The Daily Tar Heel

Serving the students and the University community since 1893

Wednesday June 29th

Chapel Hill vegans finally have a one-stop shop for groceries

Tamara Lackey opened the Coco Bean Vegan Market, at1114 Environ Way,  as a one-stop shop for customers to buy products marked as vegan-friendly.
Buy Photos Tamara Lackey opened the Coco Bean Vegan Market, at1114 Environ Way, as a one-stop shop for customers to buy products marked as vegan-friendly.

Coco Bean Vegan Market opened on Feb. 9, expanding the variety of vegan food available in the Chapel Hill area. The market is an extension of Coco Bean Cafe, which was founded in September of 2016 by Tamara and Steve Lackey. 

The couple is devoted to supporting veganism in Chapel Hill through their businesses. The Lackeys have been vegan for eight years, and they were familiar with the struggle to find vegan groceries for their family.

“Here in the Triangle, there is no vegan market,” Tamara Lackey said. “You usually have to go everywhere. You have to go to like five stores to pull together what you might want for being able to do a lot of cooking while you’re home.” 

Coco Bean Vegan Market provides a place that is closer to campus for vegan students to find the groceries that they need. There are limited vegan options for UNC students on campus. 

“Usually whenever I do need groceries or whenever I do want something to be vegan, I don’t really go to the dining halls,” first-year Emily Rosario said. “I go off campus. I go to Harris Teeter in Carrboro, or I go to Trader Joe's and take the bus there.” 

The Coco Bean Vegan Market had a successful opening and received support from the community. Tamara Lackey said people from all over the state came to participate in the grand opening. Both the market and the cafe have strong ties to the local community. The business created the Beautiful Together project, which has fundraised for a rural orphanage in India and helped create a library in Rwanda.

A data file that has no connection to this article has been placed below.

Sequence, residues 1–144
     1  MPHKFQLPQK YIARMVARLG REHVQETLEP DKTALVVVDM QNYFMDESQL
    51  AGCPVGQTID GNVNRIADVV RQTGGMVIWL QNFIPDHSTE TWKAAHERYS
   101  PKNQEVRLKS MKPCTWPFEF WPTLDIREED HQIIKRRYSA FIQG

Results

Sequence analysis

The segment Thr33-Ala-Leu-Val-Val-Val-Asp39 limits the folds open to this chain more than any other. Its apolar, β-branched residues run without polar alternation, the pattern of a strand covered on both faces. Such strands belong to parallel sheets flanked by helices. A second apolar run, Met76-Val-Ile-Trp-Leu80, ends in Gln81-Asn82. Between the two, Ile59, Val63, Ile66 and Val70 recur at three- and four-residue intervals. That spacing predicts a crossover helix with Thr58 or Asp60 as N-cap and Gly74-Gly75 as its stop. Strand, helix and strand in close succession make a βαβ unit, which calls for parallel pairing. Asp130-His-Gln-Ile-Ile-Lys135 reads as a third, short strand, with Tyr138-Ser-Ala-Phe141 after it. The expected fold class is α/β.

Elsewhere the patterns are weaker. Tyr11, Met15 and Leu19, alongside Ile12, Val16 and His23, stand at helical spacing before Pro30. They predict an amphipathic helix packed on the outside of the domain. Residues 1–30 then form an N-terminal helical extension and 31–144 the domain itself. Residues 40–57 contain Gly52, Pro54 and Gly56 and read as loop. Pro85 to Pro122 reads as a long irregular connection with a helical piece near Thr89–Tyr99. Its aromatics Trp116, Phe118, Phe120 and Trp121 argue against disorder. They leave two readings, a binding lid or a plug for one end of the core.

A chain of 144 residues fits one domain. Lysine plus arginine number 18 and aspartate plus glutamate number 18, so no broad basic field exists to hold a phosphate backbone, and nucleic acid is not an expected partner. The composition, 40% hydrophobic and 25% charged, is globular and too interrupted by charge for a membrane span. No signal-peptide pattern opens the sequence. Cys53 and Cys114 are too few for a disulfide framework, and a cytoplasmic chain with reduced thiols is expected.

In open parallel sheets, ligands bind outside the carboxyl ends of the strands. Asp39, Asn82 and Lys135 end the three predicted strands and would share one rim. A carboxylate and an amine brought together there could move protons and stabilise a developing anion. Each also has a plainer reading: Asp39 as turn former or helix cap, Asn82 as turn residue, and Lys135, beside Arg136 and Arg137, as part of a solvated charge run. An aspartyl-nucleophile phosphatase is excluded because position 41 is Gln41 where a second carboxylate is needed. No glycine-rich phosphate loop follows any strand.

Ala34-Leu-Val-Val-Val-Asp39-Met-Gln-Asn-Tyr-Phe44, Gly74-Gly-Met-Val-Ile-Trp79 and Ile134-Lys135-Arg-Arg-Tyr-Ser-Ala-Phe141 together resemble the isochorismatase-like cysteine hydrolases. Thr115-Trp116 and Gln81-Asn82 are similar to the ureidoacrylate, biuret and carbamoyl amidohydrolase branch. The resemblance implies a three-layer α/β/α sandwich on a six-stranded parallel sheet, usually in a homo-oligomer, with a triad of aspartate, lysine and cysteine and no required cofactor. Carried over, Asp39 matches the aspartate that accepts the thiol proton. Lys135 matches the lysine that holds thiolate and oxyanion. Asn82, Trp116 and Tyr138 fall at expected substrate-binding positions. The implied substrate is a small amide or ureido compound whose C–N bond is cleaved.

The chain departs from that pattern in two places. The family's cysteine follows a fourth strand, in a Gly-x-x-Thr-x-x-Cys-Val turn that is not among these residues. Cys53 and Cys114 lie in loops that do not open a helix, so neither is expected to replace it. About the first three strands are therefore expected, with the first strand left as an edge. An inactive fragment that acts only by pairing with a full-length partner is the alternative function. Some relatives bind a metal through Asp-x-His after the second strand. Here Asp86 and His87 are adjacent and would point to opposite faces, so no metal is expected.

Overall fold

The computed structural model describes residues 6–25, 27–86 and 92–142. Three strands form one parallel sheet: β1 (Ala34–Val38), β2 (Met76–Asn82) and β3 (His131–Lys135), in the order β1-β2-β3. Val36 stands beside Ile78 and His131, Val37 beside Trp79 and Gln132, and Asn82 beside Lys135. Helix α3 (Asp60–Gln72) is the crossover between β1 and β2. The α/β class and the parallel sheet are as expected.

Coco Bean Vegan Market and Cafe have also partnered with organizations like TABLE,  a nonprofit organization dedicated to feeding children who face food insecurity. 

Rosario said there are misconceptions about the vegan community, how healthy the vegan lifestyle is and how vegans feel. The cafe and market is committed to vegan food and pastries that also provide energy. 

“My favorite has got to be the autumn green bowl that we serve,” Steve Lackey said. “We get it in fresh several times every week. It’s basically a salad with butternut squash with brussel sprouts, tempeh, and a few other ingredients. It’s a powerhouse of food and it keeps me going all day.” 

Coco Bean Cafe and Vegan Market puts an emphasis on providing affordable vegan groceries and meals and creating more options for the vegan community. Coco Bean Cafe has grown in its three years, and Coco Bean Vegan Market shows the organization's commitment to vegan groceries. 

“Other than a super-friendly, comfy place to get a cup of coffee and meet with people, we want to make plant-based living more accessible to everyone,” Steve Lackey said. “It’s probably the fastest growing section of the food industry overall, but it’s still relatively young.”

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